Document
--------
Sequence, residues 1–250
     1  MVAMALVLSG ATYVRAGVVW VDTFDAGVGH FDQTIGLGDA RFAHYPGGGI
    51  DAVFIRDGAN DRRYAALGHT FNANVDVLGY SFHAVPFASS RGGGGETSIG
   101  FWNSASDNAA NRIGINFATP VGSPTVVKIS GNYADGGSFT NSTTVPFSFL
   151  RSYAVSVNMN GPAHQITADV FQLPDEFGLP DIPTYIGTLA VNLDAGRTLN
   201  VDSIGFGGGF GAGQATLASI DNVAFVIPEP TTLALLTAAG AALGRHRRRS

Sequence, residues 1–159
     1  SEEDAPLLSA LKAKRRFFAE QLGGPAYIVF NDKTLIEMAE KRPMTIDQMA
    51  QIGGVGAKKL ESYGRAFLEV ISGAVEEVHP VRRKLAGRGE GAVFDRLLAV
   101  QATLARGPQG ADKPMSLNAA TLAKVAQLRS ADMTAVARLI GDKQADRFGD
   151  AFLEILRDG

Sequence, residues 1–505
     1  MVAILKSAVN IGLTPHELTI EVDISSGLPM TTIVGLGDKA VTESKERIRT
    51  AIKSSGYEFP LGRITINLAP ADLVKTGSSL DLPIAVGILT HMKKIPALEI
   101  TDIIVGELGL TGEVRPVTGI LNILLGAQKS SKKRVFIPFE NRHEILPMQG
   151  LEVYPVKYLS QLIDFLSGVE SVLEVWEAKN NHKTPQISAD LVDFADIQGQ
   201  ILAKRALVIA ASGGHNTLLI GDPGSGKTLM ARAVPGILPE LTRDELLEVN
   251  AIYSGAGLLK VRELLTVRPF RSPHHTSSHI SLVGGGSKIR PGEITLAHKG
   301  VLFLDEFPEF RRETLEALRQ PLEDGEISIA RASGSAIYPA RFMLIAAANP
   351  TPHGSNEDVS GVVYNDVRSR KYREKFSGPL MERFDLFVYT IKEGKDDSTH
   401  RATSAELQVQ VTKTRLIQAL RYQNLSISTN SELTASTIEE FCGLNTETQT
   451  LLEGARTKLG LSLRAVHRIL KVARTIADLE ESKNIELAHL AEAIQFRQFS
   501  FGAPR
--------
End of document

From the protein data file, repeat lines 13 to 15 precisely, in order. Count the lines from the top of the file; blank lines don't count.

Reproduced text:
     1  MVAILKSAVN IGLTPHELTI EVDISSGLPM TTIVGLGDKA VTESKERIRT
    51  AIKSSGYEFP LGRITINLAP ADLVKTGSSL DLPIAVGILT HMKKIPALEI
   101  TDIIVGELGL TGEVRPVTGI LNILLGAQKS SKKRVFIPFE NRHEILPMQG